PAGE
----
The myth of AV and the BNP

The No to AV campaign’s nonsense continues.

The BNP bogeyman is the favoured weapon of the No to AV campaign. Its latest campaign video focuses on the potential power of "unpopular fringe parties" to have undue influence over results in certain constituencies.

"The people who vote for the unpopular fringe parties could end up having the deciding vote," warns the video's voiceover, above an ominous soundtrack. "In over 30 constituencies at the last election, BNP voters could have decided which candidate won the seat. It isn't right."

The main thing that isn't right, however, is No to AV's claim that BNP voters could have decided the results in more than 30 constituencies.

The video warns that in some areas the BNP votes outnumber the majorities of the winning candidate. The accompanying press release lists the 35 seats where "BNP votes" have "the greatest change [sic] of swinging an election".

This is a statement which, as well as being misspelled, is more than a little disingenuous.

One of the constituencies listed is Hampstead and Kilburn, which was carried by Glenda Jackson with a tiny majority of 42. With a turnout of 52,822, under AV the winner would have required a total of 26,411 votes or more (provided every voter had listed a preference for every candidate). The Labour, Conservative and Lib Dem candidates got 17,332, 17,290 and 16,491 votes, respectively.

The BNP, however, got a whopping 328 votes. Even if they voted en masse for another candidate, the mainstream candidates would still be a good 8,000 votes short of the required amount. In other words, "BNP votes" will have barely any influence at all, never mind swing the election. Despite No to AV claims that AV will see parties pandering to BNP voters, Jackson will not be shoving anti-immigrant propaganda through the letter boxes of Hampstead's leafy suburbs just yet.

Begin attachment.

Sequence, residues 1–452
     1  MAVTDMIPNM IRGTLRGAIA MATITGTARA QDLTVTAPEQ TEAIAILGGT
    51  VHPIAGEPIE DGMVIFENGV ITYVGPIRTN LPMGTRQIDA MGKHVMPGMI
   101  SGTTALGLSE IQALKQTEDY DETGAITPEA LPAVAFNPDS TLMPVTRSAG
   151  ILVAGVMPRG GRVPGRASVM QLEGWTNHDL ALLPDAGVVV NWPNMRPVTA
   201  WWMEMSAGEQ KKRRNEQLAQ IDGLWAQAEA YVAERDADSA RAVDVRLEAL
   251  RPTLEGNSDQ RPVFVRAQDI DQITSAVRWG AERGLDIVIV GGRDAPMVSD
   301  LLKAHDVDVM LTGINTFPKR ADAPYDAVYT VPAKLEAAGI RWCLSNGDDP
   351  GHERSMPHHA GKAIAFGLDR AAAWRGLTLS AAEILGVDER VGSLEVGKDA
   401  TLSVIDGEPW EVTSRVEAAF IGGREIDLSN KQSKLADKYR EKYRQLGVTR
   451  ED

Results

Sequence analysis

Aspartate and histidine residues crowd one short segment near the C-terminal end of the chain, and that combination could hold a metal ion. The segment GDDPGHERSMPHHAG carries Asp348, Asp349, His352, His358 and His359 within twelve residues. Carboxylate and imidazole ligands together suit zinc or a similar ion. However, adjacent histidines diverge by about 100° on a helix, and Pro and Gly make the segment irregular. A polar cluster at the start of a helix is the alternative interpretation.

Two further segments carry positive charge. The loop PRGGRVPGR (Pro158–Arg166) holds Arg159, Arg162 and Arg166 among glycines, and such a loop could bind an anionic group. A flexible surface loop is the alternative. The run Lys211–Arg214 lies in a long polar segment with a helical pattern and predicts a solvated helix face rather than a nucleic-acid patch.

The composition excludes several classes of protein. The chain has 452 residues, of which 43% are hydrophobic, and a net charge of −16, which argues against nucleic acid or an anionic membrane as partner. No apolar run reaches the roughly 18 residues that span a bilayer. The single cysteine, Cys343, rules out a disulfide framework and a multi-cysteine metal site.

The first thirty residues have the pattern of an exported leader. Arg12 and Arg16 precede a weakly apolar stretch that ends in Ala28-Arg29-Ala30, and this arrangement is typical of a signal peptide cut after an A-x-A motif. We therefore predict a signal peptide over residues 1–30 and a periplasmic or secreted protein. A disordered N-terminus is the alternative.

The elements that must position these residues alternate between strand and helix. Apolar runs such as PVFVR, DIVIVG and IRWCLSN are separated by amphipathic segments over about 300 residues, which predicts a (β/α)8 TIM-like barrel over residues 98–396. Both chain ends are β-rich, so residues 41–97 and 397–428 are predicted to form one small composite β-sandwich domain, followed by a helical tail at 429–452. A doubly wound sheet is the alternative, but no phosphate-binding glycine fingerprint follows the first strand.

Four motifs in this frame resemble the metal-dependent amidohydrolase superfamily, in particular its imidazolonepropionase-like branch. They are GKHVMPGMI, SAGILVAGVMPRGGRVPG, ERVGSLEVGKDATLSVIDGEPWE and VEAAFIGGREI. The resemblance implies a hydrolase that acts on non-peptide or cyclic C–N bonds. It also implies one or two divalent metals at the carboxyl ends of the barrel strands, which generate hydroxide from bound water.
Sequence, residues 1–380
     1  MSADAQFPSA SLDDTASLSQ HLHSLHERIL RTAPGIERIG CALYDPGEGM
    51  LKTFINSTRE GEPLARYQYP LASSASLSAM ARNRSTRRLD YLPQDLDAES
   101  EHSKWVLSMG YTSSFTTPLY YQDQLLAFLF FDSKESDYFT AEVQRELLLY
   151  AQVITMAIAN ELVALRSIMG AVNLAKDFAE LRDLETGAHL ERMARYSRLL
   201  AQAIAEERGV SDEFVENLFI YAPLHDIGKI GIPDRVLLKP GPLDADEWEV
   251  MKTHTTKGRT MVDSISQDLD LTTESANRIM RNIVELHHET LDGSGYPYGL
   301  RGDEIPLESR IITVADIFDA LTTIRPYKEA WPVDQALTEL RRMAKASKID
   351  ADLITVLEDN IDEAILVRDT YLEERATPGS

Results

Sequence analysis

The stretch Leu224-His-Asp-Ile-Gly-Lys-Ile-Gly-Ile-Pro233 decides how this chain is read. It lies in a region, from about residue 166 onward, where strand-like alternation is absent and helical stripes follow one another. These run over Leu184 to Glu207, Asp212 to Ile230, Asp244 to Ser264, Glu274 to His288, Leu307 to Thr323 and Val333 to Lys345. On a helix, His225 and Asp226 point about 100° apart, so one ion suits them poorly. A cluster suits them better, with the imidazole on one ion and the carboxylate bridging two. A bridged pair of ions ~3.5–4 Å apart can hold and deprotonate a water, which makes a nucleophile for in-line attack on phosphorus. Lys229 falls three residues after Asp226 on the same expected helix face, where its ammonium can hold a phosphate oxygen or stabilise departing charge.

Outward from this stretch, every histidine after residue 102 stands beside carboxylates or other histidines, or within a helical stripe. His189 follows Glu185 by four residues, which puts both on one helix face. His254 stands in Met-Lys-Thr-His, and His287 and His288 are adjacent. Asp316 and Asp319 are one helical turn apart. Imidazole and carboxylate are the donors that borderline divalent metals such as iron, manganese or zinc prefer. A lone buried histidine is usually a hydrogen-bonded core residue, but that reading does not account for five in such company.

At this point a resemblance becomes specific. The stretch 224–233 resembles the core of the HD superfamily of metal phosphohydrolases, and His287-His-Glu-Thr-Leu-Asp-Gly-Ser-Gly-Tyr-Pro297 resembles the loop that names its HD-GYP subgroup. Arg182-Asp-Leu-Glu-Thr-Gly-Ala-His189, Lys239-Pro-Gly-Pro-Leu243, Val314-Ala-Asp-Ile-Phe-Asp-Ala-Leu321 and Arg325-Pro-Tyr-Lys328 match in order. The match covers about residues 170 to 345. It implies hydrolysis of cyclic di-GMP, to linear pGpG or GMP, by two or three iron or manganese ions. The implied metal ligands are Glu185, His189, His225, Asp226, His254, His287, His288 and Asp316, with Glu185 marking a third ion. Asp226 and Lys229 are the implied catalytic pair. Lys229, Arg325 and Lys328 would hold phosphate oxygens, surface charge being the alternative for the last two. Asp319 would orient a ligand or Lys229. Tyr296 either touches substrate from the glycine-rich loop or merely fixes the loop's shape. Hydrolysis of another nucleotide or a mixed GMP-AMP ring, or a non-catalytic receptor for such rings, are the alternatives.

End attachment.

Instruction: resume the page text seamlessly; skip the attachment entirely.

It's a similar story in Sheffield Central. Labour won with 165 more votes than the Lib Dems. The BNP's 903 votes are significant in such a tight election. But not nearly as significant as the 6,414 votes cast for Conservative, Green, Ukip and independent candidates. The preferences of BNP voters in Sheffield Central cannot swing the election – Tory and Green votes can.

Only in Dagenham could "BNP votes" alone push a candidate above the 50 per cent threshold – as the graphic in the video suggests would happen under AV – giving the Labour MP Jon Cruddas a larger majority. So, let's give the video a more accurate headline: "Under AV, the people who vote for the unpopular fringe parties could end up having the deciding vote – in Dagenham."

Photo: Getty
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The big problem for the NHS? Local government cuts

Even a U-Turn on planned cuts to the service itself will still leave the NHS under heavy pressure. 

38Degrees has uncovered a series of grisly plans for the NHS over the coming years. Among the highlights: severe cuts to frontline services at the Midland Metropolitan Hospital, including but limited to the closure of its Accident and Emergency department. Elsewhere, one of three hospitals in Leicester, Leicestershire and Rutland are to be shuttered, while there will be cuts to acute services in Suffolk and North East Essex.

These cuts come despite an additional £8bn annual cash injection into the NHS, characterised as the bare minimum needed by Simon Stevens, the head of NHS England.

The cuts are outlined in draft sustainability and transformation plans (STP) that will be approved in October before kicking off a period of wider consultation.

The problem for the NHS is twofold: although its funding remains ringfenced, healthcare inflation means that in reality, the health service requires above-inflation increases to stand still. But the second, bigger problem aren’t cuts to the NHS but to the rest of government spending, particularly local government cuts.

That has seen more pressure on hospital beds as outpatients who require further non-emergency care have nowhere to go, increasing lifestyle problems as cash-strapped councils either close or increase prices at subsidised local authority gyms, build on green space to make the best out of Britain’s booming property market, and cut other corners to manage the growing backlog of devolved cuts.

All of which means even a bigger supply of cash for the NHS than the £8bn promised at the last election – even the bonanza pledged by Vote Leave in the referendum, in fact – will still find itself disappearing down the cracks left by cuts elsewhere. 

Stephen Bush is special correspondent at the New Statesman. He usually writes about politics.